Jim Hightower: Let Me Tell You About a Guy Named Jamie's Suffering and Economic Hardship
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Most of the other 11 members of Dimon's board are multimillionaires who are current or former top executives of such corporate powers as Boeing, ExxonMobil, Honeywell, Johnson & Johnson and NBC. Fellow corporatists are eagerly sought out by CEOs to serve on their corporate boards because they're trusted members of "The Top Suite Club." They identify with one of their own and share the top dog's sense of entitlement, so they are predisposed to lavish lots and lots of the shareholders cash on The Boss.
Lee Raymond, the former CEO of Exxon, is one of JPMorgan's most influential directors. He heads the compensation committee of the board and was in charge of giving Dimon his "haircut." But Raymond is congenitally soft on CEO pay, because he was a spectacularly paid chieftain whose grasp of compensation propriety has no connection to the real world.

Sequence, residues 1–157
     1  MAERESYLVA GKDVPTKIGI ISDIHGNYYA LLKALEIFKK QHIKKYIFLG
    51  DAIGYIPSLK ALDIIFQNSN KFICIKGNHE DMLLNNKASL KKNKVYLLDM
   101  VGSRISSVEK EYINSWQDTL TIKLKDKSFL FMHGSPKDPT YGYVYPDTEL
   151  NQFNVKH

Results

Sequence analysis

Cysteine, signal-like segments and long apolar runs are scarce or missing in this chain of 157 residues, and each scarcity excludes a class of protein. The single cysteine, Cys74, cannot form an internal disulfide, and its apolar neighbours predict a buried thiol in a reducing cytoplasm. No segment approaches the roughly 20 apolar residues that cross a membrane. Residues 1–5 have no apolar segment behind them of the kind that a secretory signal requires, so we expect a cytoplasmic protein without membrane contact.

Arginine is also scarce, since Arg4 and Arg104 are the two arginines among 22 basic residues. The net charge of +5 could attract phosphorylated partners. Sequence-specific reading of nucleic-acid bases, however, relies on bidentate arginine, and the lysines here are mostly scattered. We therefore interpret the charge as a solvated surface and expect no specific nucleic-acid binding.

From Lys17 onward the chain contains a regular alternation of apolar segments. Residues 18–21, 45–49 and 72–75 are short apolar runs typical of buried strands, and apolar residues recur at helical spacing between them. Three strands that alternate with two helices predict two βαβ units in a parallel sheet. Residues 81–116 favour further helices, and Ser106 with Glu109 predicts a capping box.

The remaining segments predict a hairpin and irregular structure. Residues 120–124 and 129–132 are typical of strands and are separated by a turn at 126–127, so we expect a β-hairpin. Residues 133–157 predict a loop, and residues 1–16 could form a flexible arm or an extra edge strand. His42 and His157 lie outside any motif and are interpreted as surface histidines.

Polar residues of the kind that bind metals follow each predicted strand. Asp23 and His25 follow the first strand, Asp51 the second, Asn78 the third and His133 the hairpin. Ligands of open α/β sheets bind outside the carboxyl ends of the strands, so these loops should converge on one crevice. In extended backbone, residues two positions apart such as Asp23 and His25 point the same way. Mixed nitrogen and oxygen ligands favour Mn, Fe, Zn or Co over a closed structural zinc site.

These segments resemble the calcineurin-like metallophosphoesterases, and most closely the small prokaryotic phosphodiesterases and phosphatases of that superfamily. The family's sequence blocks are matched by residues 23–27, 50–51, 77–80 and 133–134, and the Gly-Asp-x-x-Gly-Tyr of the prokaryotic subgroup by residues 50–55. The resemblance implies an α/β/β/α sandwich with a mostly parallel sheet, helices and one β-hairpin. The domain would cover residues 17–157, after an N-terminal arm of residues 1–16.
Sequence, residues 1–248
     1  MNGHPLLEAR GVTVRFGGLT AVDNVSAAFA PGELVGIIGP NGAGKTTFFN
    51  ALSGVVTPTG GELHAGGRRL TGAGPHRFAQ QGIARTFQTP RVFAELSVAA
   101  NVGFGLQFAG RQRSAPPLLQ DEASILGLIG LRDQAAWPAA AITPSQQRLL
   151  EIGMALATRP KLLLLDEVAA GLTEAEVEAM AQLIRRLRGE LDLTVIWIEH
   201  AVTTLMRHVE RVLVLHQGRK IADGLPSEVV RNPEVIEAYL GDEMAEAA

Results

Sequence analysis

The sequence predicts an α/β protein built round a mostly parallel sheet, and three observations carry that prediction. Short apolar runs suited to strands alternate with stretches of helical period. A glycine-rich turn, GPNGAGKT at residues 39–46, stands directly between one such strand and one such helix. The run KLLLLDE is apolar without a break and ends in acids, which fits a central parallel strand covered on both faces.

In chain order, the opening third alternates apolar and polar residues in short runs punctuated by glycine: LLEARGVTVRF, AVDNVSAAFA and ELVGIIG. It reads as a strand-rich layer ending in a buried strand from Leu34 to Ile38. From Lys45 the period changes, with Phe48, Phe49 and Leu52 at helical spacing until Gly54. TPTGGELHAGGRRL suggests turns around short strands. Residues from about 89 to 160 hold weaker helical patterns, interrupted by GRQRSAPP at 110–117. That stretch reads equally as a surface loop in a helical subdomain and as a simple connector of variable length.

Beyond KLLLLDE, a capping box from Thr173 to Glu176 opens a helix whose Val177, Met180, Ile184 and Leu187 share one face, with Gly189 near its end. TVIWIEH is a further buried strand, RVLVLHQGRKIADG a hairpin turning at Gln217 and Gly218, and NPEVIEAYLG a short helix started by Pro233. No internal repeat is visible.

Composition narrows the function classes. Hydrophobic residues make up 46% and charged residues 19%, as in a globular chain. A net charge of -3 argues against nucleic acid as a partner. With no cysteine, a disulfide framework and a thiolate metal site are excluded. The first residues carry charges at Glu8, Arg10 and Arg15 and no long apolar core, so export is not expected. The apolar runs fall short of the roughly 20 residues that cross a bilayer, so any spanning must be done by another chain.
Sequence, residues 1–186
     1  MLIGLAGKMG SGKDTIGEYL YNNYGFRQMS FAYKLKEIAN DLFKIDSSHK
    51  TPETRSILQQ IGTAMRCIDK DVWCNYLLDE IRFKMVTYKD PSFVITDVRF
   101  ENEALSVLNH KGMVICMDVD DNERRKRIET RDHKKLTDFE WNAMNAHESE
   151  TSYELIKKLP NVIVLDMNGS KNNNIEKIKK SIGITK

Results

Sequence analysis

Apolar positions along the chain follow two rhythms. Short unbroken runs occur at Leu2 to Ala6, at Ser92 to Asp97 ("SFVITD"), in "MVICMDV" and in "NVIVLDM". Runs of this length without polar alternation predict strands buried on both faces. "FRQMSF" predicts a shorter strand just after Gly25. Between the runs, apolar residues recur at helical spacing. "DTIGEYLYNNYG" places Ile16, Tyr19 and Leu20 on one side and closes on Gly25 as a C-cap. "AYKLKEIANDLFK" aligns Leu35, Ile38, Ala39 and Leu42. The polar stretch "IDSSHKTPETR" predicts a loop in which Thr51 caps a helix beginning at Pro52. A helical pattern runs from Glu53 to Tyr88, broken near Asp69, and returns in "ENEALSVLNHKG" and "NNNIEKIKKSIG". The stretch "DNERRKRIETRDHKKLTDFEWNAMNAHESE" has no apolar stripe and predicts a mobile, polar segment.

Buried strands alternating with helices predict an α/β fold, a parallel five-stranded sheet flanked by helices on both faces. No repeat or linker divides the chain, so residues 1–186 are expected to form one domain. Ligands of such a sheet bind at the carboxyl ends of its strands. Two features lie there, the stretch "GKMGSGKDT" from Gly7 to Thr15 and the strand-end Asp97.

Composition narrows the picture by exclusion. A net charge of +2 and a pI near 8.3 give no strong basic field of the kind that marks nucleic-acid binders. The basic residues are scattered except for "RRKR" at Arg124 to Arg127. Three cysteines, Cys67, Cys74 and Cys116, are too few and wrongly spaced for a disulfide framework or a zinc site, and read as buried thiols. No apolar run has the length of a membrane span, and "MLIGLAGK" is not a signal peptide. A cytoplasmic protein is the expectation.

In his 13 years at the helm of the oil giant, he pocketed a total of $686 million in pay. That's $144,000 a day! Plus a car. Then he got a retirement package worth another $400 million.
"Corporate governance" is a joke, but it's not at all funny. By pampering top executives, these brother-in-law boards are dangerously exacerbating income inequality in America. The joke's on us.